NEW YORK-July 4, 2022—The Iranian government’s systematic campaign to persecute the Baha’i religious minority was further accelerated last week with the arrest, hearing or imprisonment of at least 18 other Baha’i citizens across the country, bringing the June total to 44 people. Hundreds of others, meanwhile, are also waiting to be summoned to court or to prison.
The Baha’i International Community believes that the increasing rate of arrests and imprisonments in recent weeks constitutes a disturbing new chapter in the persecution and shows that the authorities are increasingly implementing their plans to imprison or harass the Baha community. ‘ie.
Last week saw the further arrests of three women in Shiraz, two in their early twenties, and a 41-year-old mother of two, all of whom are being held without charge in the Intelligence Bureau detention center from Shiraz.
In what seems to add insult to injury, one of the young women had already applied to enter university in 2019 after passing the Iranian national entrance exams. Authorities told her she had an “incomplete file” – a common experience among Baha’is who apply and are denied university entrance. Baha’is have been denied access to higher education in Iran since the 1983 Cultural Revolution.
Seven other Baha’is, all of whom had previously been arrested and released on bail, were also summoned to hearings last week and are awaiting the results.
In Bandar-e-Lengeh, southern Iran, officials forced the closure of a Baha’i-owned workshop and denied business licenses to two other optical businesses, depriving these families of their means livelihoods and further strangling the economic opportunities of community members. .
In Sanandaj and several other small towns in the ethnic Kurdish region of western Iran, members of the Baha’i community have been constantly monitored, harassed and threatened because of their beliefs.
“Bahá’ís in Iran are barely surviving a single week without facing further arrests, jail sentences and other forms of persecution by the Iranian government,” said Bani Dugal, senior representative of the Baha’i International Community. at the United Nations. . “We are sounding the alarm: the Baha’is in Iran are suffering the worst coordinated attack we have seen in many years.
The latest developments follow the imposition of prison and exile sentences against 26 Baha’is in Shiraz last month for gathering and collusion “for the purpose of causing intellectual and ideological insecurity in Muslim society.” Baha’is had actually gathered across Shiraz as part of their efforts to meet the needs of the local community and to assess the severity of the water crisis in the region. A number of young children will be separated from their parents as a result of these sentences.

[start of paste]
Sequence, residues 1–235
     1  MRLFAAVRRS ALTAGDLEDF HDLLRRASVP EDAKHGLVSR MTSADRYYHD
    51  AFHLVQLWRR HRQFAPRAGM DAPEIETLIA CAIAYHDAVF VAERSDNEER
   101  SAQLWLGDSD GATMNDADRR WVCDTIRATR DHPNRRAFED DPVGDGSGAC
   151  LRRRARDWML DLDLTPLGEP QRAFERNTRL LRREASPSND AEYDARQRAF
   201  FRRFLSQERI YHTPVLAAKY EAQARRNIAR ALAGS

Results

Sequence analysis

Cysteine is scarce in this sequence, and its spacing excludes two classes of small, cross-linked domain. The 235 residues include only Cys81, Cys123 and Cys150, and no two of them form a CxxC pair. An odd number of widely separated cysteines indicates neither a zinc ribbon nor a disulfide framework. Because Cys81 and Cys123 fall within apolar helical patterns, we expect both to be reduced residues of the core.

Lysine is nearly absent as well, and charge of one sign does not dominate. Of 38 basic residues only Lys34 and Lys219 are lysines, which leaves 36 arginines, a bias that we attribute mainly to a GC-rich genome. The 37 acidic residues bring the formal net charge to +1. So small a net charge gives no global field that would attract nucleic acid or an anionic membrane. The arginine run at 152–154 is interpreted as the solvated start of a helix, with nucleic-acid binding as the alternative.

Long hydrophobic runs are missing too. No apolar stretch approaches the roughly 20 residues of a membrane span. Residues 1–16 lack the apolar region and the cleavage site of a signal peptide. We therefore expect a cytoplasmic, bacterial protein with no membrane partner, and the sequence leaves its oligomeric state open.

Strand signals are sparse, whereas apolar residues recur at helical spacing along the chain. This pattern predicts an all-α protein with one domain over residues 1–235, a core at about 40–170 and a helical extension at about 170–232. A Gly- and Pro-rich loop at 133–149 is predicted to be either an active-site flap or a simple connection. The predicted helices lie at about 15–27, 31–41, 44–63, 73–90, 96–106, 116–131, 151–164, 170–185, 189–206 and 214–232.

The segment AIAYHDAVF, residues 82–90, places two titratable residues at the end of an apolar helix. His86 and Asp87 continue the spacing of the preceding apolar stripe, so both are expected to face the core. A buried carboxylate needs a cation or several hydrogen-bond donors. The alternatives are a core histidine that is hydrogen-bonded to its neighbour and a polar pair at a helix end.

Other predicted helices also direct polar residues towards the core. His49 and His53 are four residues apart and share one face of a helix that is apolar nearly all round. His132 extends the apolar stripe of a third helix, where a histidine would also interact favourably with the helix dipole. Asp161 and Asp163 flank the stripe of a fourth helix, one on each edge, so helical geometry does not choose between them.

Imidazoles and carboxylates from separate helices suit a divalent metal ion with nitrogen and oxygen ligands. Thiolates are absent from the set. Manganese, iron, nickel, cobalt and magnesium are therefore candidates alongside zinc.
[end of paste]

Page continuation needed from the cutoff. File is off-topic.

Two years ago, also in Shiraz, another 40 Baha’is were summoned before a revolutionary court where an official threatened to “uproot‘ the city community.
Journalist and human rights activist, Maziar Bahari, recipient of the 2020 Elie Wiesel Prize and the 2009 Oxfam Novib/PEN Prize for Freedom of Expression, and who made several movies on Baha’is in Iran, said the ongoing arrests showed that the Iranian government was trying to “bury” the Baha’i community in the country.
“The Iranian authorities imprison you if they want the world to forget you and make you lose hope for the future,” Bahari said. “Thousands of Baha’is in Iran have been imprisoned over the past 40 years, a testament to Iran’s ambition to bury Baha’is, and now it looks like the situation is getting worse. I hope the international community can pressure the Iranian government to give in.
Recently reported actions against Baha’is this month include:
On June 28, 2022, Ms. Jila Sharafi Nasrabadi, a Baha’i resident of Shiraz, was arrested by security forces, who searched her home and confiscated numerous items, and was taken to the Intelligence Bureau Detention Center from Shiraz. Ms. Nasrabadi, 41, is married and has two children.
On June 26, 2022, Ms. Shaghayegh Khanehzarrin and Ms. Negar Ighani, both in their twenties, were arrested in Shiraz. The charges against these two individuals are unknown and they are still being held at the Shiraz intelligence office.
On June 20, 2022, Mr. Moin Misaghi, Mr. Mehran Mosalla Nejad, and Ms. Negareh Ghaderi and Ms. Hayedeh Foroutan were summoned to appear in court in Shiraz.
On June 19, 2022, Mr. Said Abedi, Mr. Vahid Dana and Mr. Salehi, first name unknown, were summoned to appear before the court in Shiraz.
On June 18, 2022, Mr. Fardin Naddafian, from Tehran, was transferred to Evin prison to serve his sentence. Additional information is available regarding this case.
On June 17, 2022, Ms Haideh Ram was transferred to Adilabad Prison in Shiraz to serve her sentence. Five other Baha’is, Mr. Borhan Esmaili, Ms. Maryam Bashir, Ms. Faranak Sheikhi, Ms. Minou Bashir and Ms. Dorna Ismaili, who had previously been sentenced to a total of over 64 years in prison in a joint prison case with Ms. Ram , were also ordered to serve their sentences. Additional information is available regarding these cases.
On June 15, 2022, Ms. Samin Ehsani, child rearing specialist, was arrested and transferred to Evin prison to serve her sentence. Additional information is available regarding this case.
The Baha’is, Iran’s largest non-Muslim religious minority, have been persecuted in Iran since the Islamic revolution of 1979. A secret note endorsed by Iran’s Supreme Leader in 1991 calls for the “progress and development” of the Baha’i community to be blocked by barring them from university, disrupting their ability to earn a living, and other discriminatory means.